According to Dr. Cruickshanks, 20 years ago, hearing loss was considered a normal part of aging. Today, researchers have discovered that certain factors—including noise, genetics, and cardiovascular health—may play an important role in determining one’s risk for age-related hearing loss. With improvements such as better noise restrictions in the workplace, increased exercise, and healthier diets, hearing health may actually be better for baby boomers in comparison to people who lived in earlier eras, she said.
David Corey, Ph.D., neurobiologist with Harvard Medical School, described for attendees the extraordinary collective effort that has been made to understand the mechanism by which sensory structures in the inner ear, also known as hair cells, convert sound vibrations into an electrical signal. Because of research of the past two decades, we now have a more precise picture of the molecular composition and properties of these sensory structures.
John Niparko, M.D., a cochlear implant expert at Johns Hopkins School of Medicine, charted the history of the cochlear implant, beginning with very rudimentary studies in France in the early 1950s and progressing to the sophisticated multichannel implants of today. He presented data from a multicenter study he oversees in which the language abilities of children who received cochlear implants at various ages are being evaluated in comparison to each other and to children with normal hearing. His team has discovered that socioeconomic status can impact the language abilities of young cochlear implant wearers. Also two cochlear implants seem to be preferable to one in helping a child learn language.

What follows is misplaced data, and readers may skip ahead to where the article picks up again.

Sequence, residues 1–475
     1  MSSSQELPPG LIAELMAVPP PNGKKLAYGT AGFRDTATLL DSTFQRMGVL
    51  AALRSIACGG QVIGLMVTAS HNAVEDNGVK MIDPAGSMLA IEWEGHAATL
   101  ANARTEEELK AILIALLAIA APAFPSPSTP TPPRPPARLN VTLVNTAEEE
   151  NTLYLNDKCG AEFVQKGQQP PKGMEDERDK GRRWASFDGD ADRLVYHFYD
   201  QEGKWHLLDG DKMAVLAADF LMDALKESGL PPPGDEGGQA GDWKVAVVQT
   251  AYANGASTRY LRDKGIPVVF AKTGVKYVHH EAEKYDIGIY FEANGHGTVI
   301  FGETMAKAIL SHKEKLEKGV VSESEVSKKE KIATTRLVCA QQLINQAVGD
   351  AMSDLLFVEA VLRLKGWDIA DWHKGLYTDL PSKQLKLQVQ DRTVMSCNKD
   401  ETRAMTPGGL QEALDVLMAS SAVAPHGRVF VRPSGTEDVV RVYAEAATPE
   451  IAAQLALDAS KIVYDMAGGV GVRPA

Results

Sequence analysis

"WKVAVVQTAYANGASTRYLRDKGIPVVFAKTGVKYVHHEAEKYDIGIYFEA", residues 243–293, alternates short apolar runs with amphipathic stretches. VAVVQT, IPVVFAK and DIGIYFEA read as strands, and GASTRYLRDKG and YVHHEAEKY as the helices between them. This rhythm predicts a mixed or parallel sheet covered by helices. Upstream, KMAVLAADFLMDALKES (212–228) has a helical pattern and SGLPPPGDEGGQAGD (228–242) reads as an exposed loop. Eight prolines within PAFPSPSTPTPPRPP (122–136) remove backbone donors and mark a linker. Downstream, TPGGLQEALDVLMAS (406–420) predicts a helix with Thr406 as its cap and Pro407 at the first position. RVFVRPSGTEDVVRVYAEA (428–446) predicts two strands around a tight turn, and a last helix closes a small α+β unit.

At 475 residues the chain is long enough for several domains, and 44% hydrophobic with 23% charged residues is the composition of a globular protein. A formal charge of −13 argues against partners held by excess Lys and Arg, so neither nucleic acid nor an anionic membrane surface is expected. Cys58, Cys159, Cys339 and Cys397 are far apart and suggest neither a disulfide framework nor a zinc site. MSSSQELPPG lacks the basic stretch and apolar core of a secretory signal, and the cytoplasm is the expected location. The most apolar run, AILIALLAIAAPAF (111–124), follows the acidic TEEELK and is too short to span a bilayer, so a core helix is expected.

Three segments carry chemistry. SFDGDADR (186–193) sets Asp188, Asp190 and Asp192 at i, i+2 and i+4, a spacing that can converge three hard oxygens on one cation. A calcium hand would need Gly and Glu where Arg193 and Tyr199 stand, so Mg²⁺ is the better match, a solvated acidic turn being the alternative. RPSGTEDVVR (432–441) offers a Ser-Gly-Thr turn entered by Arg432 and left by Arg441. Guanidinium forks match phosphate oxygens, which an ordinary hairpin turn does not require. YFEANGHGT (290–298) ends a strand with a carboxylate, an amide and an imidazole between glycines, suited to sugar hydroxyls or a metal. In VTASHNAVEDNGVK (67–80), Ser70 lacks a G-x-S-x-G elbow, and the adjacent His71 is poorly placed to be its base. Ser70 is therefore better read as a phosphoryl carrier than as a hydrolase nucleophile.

What we know about our sense of smell and what we’ve yet to find out were addressed by professor and Nobel laureate Richard Axel, M.D., Howard Hughes investigator at Columbia University. Dr. Axel, together with Linda Buck, Ph.D., transformed the study of olfaction when they identified a large family of genes that encode the olfactory receptors located high in the nasal cavity. In his discussion, Dr. Axel focused less on the nose and more on the brain, tackling the question: How does the brain know what the nose is smelling? Although we still don’t have the answer, sophisticated imaging demonstrates that individual smells exhibit distinctive patterns in the brain. His research team is currently studying the fruit fly to find out how the brain interprets smells to elicit certain behaviors, both innate and learned. He’s also exploring how experience, emotion, and expectation play a role in the way we perceive smells.
Gary Beauchamp, Ph.D., director of the Monell Chemical Senses Center in Philadelphia, described work in the field of taste research. Twenty years ago, he said, scientists were trying to determine what the taste receptors were. This all changed when investigators identified the genes that encode the receptors for sweet taste. Researchers have recently found these same receptors present in the gut, which could have an impact on our understanding of obesity, diabetes, hypertension, and other important health issues. Dr. Beauchamp is also exploring how experience determines how someone perceives taste. In several studies conducted by his laboratory, babies demonstrated a like or dislike for a taste depending on the point of time at which they were first introduced to it.